Co-discovery of the transiting exoplanet XO-3b

In May 2006, the XO consortium announced its first discovery of a transiting exoplanet, named XO-1b. The discovery attracted a lot of attention, a/o due to the important role played by 4 amateur astronomers - including myself - in the months preceding the discovery announcement. The full story is here. The XO Project begins its search with a telescope located on Haleakala summit operated by the Institute for Astronomy of the University of Hawaii. The telescope is created from two commercially available 200-millimeter telephoto camera lenses. Using the Haleakala telescope, XO's professional team first identifies candidate stars that dim ever so slightly from time to time. XO's amateur astronomers (the "XO Extended Team") observe these candidates over time and look for further evidence that the dimming is due to a transiting planet. Once enough evidence is in place, the professional team uses large telescopes -- the 2.7-meter Harlan J. Smith Telescope and the 11-meter Hobby-Ebberly Telescope, both at the University of Texas McDonald Observatory in West Texas -- to confirm the presence of a transiting planet.

Early May 2007, the second discovery by XO was announced : XO-2b. Merely a few weeks later, we already announced our third discovery : XO-3b. Again, the XO Extended Team had been monitoring the object intensively in the months before the discovery was made public. At that time, the object was given the codename 060p59.0420, and below are some of my observations of this object, going back to October 2006 !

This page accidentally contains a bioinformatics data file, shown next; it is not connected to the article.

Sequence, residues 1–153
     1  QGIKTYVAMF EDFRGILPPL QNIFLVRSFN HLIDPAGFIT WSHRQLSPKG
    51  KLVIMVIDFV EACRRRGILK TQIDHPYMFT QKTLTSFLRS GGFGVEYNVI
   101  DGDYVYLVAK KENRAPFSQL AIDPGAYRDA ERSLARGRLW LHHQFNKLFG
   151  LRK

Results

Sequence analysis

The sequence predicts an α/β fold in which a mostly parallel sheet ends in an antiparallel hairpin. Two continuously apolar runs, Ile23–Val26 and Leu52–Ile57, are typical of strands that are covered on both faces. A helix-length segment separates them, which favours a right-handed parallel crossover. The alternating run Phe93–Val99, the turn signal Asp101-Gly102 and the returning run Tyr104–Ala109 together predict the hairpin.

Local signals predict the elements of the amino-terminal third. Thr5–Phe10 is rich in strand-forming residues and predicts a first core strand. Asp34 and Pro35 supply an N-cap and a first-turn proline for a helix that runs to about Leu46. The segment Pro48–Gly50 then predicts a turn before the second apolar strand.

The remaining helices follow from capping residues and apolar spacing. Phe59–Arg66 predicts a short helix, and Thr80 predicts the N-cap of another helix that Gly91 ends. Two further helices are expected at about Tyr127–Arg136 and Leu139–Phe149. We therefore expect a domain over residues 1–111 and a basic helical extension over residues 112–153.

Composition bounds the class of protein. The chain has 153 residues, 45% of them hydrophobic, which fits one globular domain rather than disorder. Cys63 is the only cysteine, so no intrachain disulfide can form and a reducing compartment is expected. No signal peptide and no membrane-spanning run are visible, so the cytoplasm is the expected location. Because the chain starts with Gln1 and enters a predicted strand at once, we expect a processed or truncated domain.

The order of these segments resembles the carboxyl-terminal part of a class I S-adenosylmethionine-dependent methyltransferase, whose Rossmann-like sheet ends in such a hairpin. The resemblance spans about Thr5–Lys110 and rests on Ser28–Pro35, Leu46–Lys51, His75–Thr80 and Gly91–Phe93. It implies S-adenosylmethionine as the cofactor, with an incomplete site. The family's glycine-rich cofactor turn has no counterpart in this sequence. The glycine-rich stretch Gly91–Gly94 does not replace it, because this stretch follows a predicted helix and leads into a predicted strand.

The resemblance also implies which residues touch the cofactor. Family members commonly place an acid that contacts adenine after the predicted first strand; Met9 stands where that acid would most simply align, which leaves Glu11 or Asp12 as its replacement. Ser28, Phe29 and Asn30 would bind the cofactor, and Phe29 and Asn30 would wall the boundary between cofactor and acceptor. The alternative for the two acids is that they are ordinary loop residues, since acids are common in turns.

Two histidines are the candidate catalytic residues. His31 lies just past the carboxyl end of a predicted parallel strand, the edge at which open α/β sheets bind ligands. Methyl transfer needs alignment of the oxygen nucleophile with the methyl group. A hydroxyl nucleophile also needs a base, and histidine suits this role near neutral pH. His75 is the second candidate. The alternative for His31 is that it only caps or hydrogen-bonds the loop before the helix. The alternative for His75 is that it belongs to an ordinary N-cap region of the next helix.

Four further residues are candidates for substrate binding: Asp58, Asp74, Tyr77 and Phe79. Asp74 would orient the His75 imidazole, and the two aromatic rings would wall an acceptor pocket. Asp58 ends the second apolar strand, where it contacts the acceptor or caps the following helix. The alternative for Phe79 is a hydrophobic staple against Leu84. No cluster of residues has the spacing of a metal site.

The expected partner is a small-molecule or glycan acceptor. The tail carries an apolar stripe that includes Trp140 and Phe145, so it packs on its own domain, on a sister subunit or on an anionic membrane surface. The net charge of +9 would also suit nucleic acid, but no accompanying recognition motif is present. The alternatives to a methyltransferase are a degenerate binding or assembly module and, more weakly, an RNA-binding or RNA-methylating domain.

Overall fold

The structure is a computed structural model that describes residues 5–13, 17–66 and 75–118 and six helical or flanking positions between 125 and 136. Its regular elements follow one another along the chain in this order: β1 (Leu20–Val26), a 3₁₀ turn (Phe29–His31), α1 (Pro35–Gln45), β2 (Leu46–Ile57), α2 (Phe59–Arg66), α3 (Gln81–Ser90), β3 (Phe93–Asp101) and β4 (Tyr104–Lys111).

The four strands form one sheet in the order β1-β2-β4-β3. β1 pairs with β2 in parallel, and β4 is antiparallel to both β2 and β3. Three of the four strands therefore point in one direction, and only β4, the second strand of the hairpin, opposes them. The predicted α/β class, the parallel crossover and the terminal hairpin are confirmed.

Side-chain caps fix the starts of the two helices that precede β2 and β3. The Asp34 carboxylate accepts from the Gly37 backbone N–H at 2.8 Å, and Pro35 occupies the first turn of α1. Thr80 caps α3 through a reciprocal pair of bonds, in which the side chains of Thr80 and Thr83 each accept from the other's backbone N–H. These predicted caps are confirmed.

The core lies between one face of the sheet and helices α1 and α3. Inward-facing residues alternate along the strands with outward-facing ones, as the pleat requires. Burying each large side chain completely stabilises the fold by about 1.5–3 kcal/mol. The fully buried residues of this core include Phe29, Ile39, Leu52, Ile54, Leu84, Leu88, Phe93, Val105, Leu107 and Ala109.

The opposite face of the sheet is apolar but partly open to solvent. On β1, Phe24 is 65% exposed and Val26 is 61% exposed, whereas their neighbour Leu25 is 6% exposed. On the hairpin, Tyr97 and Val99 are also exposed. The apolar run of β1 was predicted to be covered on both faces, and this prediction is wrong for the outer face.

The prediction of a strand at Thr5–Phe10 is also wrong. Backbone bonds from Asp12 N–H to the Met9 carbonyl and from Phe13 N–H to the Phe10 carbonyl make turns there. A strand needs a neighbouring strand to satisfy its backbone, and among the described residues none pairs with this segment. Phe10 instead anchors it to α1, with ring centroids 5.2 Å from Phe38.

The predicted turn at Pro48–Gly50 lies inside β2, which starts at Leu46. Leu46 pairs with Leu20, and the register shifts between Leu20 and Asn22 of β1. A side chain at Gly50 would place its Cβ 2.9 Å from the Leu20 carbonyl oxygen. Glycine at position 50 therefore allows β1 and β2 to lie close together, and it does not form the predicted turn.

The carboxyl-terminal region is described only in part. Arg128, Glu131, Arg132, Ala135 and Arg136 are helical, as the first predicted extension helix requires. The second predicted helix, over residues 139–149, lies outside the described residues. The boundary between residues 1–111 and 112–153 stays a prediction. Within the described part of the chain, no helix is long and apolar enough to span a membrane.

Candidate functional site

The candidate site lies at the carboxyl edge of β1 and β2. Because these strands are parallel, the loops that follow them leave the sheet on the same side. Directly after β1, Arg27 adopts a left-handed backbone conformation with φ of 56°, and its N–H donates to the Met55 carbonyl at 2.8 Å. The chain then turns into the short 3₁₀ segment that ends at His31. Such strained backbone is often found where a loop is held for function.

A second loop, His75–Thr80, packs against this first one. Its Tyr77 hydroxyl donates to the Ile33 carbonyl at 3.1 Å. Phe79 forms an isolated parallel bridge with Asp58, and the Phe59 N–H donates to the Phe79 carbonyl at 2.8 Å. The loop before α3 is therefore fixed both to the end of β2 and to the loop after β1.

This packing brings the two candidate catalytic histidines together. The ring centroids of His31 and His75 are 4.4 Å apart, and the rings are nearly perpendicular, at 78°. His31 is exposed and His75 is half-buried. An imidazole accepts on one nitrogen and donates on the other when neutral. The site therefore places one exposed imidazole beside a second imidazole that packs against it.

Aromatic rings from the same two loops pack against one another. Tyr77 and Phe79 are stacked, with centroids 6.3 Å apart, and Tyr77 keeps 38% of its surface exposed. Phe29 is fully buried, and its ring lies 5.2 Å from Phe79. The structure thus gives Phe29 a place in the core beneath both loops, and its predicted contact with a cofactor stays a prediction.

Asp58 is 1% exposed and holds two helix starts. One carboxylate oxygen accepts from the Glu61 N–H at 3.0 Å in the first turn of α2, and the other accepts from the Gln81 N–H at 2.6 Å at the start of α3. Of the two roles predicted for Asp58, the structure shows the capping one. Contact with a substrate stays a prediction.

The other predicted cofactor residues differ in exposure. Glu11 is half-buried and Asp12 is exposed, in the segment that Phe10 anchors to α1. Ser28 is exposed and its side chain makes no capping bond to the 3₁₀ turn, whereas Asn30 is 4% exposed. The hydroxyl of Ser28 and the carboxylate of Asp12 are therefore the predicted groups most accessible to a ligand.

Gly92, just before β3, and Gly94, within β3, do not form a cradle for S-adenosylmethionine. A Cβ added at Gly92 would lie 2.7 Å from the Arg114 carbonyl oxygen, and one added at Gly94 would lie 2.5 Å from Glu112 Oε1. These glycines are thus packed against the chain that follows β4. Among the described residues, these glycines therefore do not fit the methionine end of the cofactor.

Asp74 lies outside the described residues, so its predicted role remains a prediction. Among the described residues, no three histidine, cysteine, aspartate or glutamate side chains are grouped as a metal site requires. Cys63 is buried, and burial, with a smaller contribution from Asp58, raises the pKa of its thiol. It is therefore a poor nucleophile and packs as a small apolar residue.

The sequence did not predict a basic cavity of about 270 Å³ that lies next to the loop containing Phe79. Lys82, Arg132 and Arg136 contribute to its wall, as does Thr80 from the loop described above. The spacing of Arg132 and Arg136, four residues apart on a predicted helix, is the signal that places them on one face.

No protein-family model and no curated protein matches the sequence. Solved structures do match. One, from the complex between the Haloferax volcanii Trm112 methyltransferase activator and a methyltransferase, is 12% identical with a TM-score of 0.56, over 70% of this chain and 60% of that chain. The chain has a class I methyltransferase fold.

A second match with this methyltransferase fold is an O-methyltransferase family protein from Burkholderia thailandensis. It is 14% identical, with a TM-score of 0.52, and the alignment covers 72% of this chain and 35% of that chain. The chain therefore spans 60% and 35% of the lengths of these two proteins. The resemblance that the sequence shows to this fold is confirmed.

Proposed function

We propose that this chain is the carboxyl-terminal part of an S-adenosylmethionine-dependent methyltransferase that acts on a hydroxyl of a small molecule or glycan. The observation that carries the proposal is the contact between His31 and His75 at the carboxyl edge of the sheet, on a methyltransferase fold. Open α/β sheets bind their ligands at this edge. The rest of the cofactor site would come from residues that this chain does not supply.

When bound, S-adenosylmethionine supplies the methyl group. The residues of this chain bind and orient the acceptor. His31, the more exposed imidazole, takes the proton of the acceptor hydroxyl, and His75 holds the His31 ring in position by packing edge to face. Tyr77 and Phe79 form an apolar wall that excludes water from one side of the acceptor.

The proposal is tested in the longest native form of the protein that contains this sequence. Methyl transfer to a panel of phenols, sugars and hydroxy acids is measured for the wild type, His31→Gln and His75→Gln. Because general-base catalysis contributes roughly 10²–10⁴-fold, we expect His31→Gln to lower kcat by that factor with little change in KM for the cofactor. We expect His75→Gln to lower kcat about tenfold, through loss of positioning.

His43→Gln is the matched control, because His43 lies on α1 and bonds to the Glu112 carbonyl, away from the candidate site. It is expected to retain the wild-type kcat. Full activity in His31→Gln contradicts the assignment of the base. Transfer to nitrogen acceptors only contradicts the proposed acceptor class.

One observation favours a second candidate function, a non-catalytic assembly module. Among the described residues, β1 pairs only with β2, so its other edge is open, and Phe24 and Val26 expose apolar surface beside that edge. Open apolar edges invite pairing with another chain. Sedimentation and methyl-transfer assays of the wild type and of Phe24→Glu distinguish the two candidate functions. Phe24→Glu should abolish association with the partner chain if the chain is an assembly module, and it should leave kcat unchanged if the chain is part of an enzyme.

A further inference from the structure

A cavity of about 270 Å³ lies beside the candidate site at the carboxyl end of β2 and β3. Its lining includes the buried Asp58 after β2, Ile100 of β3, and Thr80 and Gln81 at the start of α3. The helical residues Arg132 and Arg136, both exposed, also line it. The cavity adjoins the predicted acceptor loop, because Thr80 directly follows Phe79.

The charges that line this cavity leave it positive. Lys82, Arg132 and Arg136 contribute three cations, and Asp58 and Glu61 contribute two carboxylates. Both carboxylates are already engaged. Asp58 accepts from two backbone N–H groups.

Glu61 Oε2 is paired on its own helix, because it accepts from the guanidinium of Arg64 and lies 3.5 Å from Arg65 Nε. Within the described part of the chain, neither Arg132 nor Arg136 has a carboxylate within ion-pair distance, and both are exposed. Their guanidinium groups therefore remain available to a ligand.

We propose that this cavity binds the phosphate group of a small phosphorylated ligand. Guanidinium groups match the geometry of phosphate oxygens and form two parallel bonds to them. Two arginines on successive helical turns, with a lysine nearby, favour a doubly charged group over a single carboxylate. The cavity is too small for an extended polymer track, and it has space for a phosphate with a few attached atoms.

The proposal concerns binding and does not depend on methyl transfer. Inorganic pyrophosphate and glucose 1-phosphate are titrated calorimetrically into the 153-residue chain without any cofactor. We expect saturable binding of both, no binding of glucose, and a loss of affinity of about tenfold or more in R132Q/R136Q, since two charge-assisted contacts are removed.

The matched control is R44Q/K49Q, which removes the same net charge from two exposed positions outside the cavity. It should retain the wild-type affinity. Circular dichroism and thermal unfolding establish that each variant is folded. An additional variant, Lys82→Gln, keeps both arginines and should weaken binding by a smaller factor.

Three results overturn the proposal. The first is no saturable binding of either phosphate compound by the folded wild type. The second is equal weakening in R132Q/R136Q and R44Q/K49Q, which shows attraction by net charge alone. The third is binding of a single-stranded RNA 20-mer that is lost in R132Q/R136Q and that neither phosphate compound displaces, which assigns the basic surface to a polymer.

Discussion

Unfiltered observations of XO-3, obtained at CBA Belgium Observatory between October 2006 and October 2007, 
using a 0.35-m f/6.3 telescope and ST-7XME CCD camera.
Error bars depict the standard deviation.

XO-3b properties

XO-3b's host is a 10-th mag F dwarf star at R.A. = 04h21m53s and Decl.= +5749.0' (J2000.0). The exoplanet itself is more than 12 times as massive as Jupiter and orbits its host star once every 3.2 days, in a tight, elongated orbit. XO-3b is by far the most massive "hot Jupiter" found so far, and on the borderline of being a brown dwarf. It's the largest and most massive planet yet found in such a close orbit, and given the proximity of the orbit to the star, it's a surprise to find that the orbit is not circular but significantly elliptical. The debate on the classification of XO-3b is ongoing at the moment of this writing (June 2007).





Copyright © 2006 - Tonny Vanmunster.